Bottled Up

It was my Uncle John who set me on the path to wisdom as far as drink was concerned. I was nine, I think, when he let me take a sip of his Martini. I can still taste that first, clean, clear shot striking home, and how my eyes watered. And later, much later it was Uncle John who went on to introduce me to the delights of Kingston Black scrumpy, the Old Fashioned, the Super-strong Pimms and, above all, to the Tinkle Crunch.*

Even if, during the immediate postwar years, when everything was rationed, spirits and wine were hard to come by for daily consumption, drink in some form or another, has always been part of the weft and warp of social life in my family.

My father was a man with a considerable appetite in every sense of the word, and , when people came for lunch or dinner, he would mix a jug of martinis beforehand (the jug was cunningly designed with a glass core to hold the ice, so that it would dilute the cocktail as it melted) to ease our guests into the appropriate mood before dinner. Wine flowed pretty freely during it. At the end there would be port or brandy for the men and ‘stickies’ – Cointreau, Kirsch or Benedictine – for the ladies, and then there was usually time for a quick whisky and soda before they jumped into their cars, and roared off into the night with a cheery ‘Cheerio, Jean. Cheerio, Richard. Marvellous dinner’.

As far as I know, none of them died on the way home, although a number may well have succumbed to liver disease in later life. Even my brothers and I had our ritual cocktails. While the grown ups circled round each other swigging their lethal snifters, getting red in the face and talking very loudly, so it seemed to us, we gulped down Dragon’s Blood which, my mother confessed years later, was made up of orange juice and green dye. It wasn’t alcoholic, but it got us into the way of thinking that drinks should be something special, something fun and pleasurable. Consequently, my relationship with drink has always been an easy one.

Drunkenness was frowned on – there was one occasion when my furious father pursued my Uncle Jonh around the house brandishing a rapier after John had teased my father once too often over drinks – but high spirits, quite another matter, were smiled on. And while the male adults tended to represent the boeotian element of drinking culture during my formative years, my granny and my father’s sister, Aunt Peggy, took care of the epicurean aspect of drink education. They both had superb palates, if limited resources, and taught me a great deal about how to appreciate wine in particular.

Of course, it was all French wine in those days, and really only claret and burgundy. It was only much later that I discovered the joys of the Rhone and the Rhine, and later still of Piedmont and Tuscany. Still, it was a useful and pleasurable start, and taught a certain discipline (which I wasn’t always able to observe as I got older).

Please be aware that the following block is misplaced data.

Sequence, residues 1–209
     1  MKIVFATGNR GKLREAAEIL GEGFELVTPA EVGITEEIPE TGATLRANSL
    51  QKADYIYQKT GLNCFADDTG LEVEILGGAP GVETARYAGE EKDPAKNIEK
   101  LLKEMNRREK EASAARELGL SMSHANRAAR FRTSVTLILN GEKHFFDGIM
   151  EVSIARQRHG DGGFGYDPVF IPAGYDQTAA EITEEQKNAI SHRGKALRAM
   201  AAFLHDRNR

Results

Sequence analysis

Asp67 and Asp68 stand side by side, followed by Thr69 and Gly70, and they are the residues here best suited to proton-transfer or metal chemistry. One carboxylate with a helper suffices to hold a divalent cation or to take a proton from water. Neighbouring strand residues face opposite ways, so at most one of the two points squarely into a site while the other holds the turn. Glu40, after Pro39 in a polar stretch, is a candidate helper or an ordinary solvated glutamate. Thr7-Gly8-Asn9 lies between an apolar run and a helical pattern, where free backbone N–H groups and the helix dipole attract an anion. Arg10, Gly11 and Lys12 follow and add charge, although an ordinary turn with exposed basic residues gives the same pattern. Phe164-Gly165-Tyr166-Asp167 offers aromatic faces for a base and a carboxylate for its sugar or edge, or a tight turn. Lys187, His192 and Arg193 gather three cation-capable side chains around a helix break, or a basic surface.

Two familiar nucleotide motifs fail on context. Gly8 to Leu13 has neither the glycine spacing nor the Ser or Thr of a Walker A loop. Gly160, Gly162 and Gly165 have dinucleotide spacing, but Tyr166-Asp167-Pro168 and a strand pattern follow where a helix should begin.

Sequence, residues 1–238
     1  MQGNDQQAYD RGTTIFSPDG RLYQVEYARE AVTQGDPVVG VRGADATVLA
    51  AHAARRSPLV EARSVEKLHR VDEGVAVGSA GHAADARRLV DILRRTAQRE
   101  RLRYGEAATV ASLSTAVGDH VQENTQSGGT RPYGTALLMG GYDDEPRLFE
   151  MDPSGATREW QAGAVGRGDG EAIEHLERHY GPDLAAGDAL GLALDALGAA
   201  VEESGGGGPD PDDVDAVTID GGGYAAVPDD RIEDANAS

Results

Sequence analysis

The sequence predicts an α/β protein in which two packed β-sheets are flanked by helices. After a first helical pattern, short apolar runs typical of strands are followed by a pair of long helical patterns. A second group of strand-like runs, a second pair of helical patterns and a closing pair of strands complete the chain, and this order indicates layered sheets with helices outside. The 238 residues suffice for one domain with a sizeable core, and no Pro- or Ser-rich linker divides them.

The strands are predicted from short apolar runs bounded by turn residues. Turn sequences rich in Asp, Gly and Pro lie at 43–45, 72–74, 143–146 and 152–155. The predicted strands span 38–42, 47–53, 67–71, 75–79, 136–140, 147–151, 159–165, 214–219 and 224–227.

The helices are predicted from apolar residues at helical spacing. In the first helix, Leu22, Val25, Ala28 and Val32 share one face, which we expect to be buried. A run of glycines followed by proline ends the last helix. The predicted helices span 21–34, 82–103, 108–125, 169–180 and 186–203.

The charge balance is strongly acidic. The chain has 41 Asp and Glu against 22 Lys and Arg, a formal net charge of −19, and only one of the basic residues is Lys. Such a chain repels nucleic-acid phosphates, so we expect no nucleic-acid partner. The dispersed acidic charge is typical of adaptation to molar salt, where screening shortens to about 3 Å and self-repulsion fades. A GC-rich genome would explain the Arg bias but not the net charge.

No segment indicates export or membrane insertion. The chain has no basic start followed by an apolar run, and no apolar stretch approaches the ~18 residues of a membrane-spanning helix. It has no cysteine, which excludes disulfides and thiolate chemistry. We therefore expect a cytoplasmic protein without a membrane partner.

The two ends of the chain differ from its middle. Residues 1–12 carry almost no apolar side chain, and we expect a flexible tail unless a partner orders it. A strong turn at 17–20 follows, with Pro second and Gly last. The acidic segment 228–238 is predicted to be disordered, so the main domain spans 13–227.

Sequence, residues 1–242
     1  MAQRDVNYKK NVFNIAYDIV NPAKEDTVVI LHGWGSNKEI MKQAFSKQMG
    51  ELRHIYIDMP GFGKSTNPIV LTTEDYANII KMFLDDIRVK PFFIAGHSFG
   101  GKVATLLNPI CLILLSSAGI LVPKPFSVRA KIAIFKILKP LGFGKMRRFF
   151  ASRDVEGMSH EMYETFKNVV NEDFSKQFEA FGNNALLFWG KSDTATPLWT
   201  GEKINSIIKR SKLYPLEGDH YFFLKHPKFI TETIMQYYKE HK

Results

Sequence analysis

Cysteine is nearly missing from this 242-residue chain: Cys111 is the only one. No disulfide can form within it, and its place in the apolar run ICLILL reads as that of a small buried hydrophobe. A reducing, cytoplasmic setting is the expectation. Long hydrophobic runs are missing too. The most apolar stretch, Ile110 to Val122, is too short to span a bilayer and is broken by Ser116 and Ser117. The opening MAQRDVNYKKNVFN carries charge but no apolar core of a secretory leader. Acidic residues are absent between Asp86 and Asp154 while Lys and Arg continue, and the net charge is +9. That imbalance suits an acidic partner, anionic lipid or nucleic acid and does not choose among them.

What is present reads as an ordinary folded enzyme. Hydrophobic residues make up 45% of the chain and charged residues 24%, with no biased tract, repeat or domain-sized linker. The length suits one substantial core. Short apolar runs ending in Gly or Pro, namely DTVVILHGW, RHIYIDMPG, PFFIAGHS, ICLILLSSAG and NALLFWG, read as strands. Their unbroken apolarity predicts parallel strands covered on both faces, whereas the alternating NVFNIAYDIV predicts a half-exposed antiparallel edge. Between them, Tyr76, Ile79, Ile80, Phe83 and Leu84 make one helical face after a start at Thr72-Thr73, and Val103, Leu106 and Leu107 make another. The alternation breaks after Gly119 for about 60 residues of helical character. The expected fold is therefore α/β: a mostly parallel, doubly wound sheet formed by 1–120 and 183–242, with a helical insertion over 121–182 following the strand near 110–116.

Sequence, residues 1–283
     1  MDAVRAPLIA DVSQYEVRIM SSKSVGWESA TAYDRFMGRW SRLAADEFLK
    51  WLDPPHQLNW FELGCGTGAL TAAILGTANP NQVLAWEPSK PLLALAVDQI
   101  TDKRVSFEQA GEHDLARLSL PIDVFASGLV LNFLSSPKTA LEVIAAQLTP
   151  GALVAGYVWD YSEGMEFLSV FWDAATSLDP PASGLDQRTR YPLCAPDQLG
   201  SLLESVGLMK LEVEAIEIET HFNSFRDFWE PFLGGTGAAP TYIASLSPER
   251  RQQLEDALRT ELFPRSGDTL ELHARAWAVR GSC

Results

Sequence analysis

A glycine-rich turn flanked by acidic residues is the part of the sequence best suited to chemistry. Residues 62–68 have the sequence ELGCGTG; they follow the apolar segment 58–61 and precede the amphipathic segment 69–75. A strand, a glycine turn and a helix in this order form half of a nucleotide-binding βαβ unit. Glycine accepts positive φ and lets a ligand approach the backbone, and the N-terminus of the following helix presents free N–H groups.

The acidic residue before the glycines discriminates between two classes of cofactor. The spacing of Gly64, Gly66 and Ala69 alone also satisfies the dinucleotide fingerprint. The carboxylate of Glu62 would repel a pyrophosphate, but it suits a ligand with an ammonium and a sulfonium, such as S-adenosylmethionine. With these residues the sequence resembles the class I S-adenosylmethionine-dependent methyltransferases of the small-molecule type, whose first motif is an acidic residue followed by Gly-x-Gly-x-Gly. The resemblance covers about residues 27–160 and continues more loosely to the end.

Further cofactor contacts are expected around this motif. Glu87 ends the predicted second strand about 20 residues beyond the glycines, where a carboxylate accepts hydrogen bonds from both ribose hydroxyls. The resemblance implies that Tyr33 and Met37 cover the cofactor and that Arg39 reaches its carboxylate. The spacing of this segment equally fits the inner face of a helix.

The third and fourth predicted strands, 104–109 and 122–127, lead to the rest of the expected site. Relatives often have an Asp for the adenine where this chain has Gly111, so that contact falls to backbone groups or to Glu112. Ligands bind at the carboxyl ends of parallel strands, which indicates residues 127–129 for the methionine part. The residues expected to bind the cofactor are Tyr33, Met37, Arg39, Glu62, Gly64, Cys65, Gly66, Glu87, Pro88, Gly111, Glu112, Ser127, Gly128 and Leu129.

It was when I went to Italy for the first time that I came across a culture in which alcohol, wine principally, had a normal, easy part in the everyday social life, quite different from the occasional celebration at home. People drank as naturally as they breathed, always with food, never to excess. It wasn’t a revelation – the revelatory side of that early Italian experience was limited to food, and to ice creams in particular – so much as a realisation that grew on me every time I went back to Italy. It was clearly a civilised way to behave.

When I went to university, these lessons got largely forgotten, as one tends to forget most things at university. It wasn’t that there was a drinking culture as such. It was just that we drank. And drank. Beer mostly, because good wine was too expensive and cheap wine too disgusting.

There was a fashion for parties to which you had to bring a bottle of something to drink. I always tried to take something reasonable, such as a bottle or two of decent Beaujolais, but there was one legendary figure who always took a bottle of ‘British sherry’. As even students had a sense of self-preservation that prevented them from touching this poisonous muck, he was able to reclaim the bottle at the end of each part, and turn up with it at the next.

Even so, I had already developed a taste for quality rather than quantity that has dogged me down the years. As my mother was quick to point out, there was little point in having champagne tastes when you’ve only got a beer income. Not that it’s stopped me exploring the vast and fascinating diaspora or drinking culture.

I look back to those formative years as valuable groundwork. Doctors and health professionals are very quick to quantify the damage that alcohol abuse does to individuals, families and societies. They haven’t yet managed to quantify how many lives alcohol has enlightened, jobs made tolerable, marriages saved, how many people it has helped take some pleasure in a dark and dangerous world. For me, it has always been a source of delight. Drink less, but drink better should be our motto. It’s just that I have a problem with the ‘less’ part.

* Tinkle Crunch: take a narrow neck glass, such as a sherry glass or small spirit balloon. Pour in a finger or two of cheap brandy. Place a slice of lemon across the top of the glass and carefully deposit a teaspoonful of Demerara sugar on top of the slice of lemon. Take the lemon and sugar in your mouth and chew a few times to get the sharp lemon juices and sweet sugar to mingle, and then drink the brandy through that mixture as quickly as possible. Tinkle. Crunch.

Matthew Fort is a British food and wine writer and journalist.

This article is taken from the latest number (37) of the Italian magazine Slowfood.

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